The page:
May 14, 2016 rated it it was amazing  ·  review of another edition
A powerful, chunky, honest read - a fantastic first book from Patrice Lawrence. Also- look at that cover! It's awesome!
Beth Bonini
2.5 stars. I don't know how to evaluate this book fairly. It had its strong points, and it covers subject matter which is probably of interest to many teens, but I didn't enjoy reading it at all. I had to drag myself through it, and even the suspenseful elements didn't drive me through the plot. Also, it felt overlong - and the narrative jumped and 'jived' (lots of street lingo) in a way that meant I couldn't just skim it. Having said all that: it was the YA Book Prize winner for 2017, and I res ...more
Aug 17, 2017 rated it it was amazing  ·  review of another edition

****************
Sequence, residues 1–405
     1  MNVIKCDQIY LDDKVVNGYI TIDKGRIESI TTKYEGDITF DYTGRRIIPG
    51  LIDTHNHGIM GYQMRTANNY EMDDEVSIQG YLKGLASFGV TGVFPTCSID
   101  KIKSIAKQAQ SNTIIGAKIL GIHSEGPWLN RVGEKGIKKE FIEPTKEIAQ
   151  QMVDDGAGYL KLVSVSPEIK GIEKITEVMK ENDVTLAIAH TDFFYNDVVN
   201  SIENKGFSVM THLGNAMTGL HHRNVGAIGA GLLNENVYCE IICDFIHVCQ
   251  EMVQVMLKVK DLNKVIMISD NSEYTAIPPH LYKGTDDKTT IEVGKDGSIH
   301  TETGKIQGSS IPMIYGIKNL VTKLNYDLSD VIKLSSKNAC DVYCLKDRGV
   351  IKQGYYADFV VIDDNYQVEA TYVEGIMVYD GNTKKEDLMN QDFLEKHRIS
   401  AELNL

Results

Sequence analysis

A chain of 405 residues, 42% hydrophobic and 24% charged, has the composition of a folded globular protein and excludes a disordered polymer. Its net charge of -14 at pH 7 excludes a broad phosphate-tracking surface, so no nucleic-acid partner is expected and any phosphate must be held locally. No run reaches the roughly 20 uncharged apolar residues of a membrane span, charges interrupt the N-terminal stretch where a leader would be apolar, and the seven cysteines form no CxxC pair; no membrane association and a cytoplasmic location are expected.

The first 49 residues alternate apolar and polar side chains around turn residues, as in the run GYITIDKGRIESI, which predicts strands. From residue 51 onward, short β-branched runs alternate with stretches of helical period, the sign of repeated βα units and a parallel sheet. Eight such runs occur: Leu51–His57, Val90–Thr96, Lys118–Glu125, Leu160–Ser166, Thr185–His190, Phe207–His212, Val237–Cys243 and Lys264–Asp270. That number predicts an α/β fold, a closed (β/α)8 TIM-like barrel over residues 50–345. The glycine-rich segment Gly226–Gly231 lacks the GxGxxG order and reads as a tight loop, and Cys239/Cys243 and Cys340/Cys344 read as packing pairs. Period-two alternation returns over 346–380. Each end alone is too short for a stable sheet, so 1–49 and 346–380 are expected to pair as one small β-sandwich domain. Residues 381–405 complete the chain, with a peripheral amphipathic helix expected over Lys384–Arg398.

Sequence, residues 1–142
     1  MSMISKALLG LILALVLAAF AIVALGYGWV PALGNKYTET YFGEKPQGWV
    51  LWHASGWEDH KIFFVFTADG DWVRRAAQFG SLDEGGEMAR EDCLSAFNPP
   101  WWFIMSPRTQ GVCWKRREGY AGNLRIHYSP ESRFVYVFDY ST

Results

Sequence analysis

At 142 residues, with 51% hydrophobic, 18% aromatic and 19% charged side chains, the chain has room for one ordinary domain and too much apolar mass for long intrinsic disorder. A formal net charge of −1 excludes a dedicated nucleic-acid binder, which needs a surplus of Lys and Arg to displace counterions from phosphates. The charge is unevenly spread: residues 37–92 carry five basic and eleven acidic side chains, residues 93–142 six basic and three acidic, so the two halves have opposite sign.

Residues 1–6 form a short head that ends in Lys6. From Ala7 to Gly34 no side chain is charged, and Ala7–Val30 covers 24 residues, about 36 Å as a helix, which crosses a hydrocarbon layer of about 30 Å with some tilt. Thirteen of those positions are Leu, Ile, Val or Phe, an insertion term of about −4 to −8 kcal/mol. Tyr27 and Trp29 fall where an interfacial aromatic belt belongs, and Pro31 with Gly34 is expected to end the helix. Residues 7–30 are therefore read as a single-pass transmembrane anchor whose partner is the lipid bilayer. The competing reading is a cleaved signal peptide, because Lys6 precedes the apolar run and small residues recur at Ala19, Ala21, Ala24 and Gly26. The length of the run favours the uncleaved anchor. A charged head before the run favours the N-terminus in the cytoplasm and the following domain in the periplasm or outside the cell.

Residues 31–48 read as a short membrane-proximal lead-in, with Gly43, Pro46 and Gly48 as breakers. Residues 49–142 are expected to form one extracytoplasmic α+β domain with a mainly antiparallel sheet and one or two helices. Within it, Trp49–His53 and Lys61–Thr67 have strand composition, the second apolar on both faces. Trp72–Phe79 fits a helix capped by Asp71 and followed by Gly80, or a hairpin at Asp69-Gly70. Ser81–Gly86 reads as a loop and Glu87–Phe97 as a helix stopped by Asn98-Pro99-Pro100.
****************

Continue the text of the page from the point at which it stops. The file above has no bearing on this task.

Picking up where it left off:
Shelves: books-read-2017
I do not know where to start with my love for this book. I can't really write a coherent review, as this book is so far out of my wheelhouse - but it was incredible. Everyone raves about this book, and it really was truly amazing. This book moves at such an incredible pace that the 450 pages fly by, the plot never lags and the things Marlon did to help his family was both admirable, and pretty stupid. The thing is - until you're confronted with something, it's hard to know how you'd react and I ...more
Orangeboy has become a book that I’ve found complex to review. Foremost I want to say this: ‘Orangeboy is gripping, intriguing and emotional. It’s an excellent mystery, with drama and a wonderful set of relationships for the reader to explore, both friendships and the family dynamics. Just go and read it now!’

Honestly I’d be quite happy do go and push this book at so many people with the above (and I’m still mad at myself for taking so long to read Orangeboy). Especially because I adore the two